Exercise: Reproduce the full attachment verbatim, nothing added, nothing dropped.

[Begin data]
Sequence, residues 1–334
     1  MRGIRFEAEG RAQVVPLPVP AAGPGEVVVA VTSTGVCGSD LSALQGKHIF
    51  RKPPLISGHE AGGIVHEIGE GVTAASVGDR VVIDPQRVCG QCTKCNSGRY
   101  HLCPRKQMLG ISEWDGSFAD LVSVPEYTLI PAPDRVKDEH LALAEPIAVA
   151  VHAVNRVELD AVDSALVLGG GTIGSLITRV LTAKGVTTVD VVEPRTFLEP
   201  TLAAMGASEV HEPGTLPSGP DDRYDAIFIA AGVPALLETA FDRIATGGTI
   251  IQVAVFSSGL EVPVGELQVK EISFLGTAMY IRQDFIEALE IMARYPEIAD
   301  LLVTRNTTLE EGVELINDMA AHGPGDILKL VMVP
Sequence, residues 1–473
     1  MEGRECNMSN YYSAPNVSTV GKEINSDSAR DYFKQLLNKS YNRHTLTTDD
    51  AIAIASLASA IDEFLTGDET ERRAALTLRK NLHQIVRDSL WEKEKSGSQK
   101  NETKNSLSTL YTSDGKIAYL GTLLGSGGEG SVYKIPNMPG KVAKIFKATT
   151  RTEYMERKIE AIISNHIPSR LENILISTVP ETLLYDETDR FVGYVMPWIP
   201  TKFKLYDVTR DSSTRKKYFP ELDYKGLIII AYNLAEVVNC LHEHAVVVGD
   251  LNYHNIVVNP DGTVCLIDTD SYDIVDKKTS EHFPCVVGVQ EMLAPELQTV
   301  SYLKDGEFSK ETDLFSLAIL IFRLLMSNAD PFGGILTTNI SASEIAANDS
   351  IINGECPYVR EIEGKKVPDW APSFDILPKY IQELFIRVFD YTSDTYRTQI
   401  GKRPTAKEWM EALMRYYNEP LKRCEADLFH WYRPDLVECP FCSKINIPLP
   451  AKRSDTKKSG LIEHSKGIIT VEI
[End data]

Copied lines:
Sequence, residues 1–334
     1  MRGIRFEAEG RAQVVPLPVP AAGPGEVVVA VTSTGVCGSD LSALQGKHIF
    51  RKPPLISGHE AGGIVHEIGE GVTAASVGDR VVIDPQRVCG QCTKCNSGRY
   101  HLCPRKQMLG ISEWDGSFAD LVSVPEYTLI PAPDRVKDEH LALAEPIAVA
   151  VHAVNRVELD AVDSALVLGG GTIGSLITRV LTAKGVTTVD VVEPRTFLEP
   201  TLAAMGASEV HEPGTLPSGP DDRYDAIFIA AGVPALLETA FDRIATGGTI
   251  IQVAVFSSGL EVPVGELQVK EISFLGTAMY IRQDFIEALE IMARYPEIAD
   301  LLVTRNTTLE EGVELINDMA AHGPGDILKL VMVP
Sequence, residues 1–473
     1  MEGRECNMSN YYSAPNVSTV GKEINSDSAR DYFKQLLNKS YNRHTLTTDD
    51  AIAIASLASA IDEFLTGDET ERRAALTLRK NLHQIVRDSL WEKEKSGSQK
   101  NETKNSLSTL YTSDGKIAYL GTLLGSGGEG SVYKIPNMPG KVAKIFKATT
   151  RTEYMERKIE AIISNHIPSR LENILISTVP ETLLYDETDR FVGYVMPWIP
   201  TKFKLYDVTR DSSTRKKYFP ELDYKGLIII AYNLAEVVNC LHEHAVVVGD
   251  LNYHNIVVNP DGTVCLIDTD SYDIVDKKTS EHFPCVVGVQ EMLAPELQTV
   301  SYLKDGEFSK ETDLFSLAIL IFRLLMSNAD PFGGILTTNI SASEIAANDS
   351  IINGECPYVR EIEGKKVPDW APSFDILPKY IQELFIRVFD YTSDTYRTQI
   401  GKRPTAKEWM EALMRYYNEP LKRCEADLFH WYRPDLVECP FCSKINIPLP
   451  AKRSDTKKSG LIEHSKGIIT VEI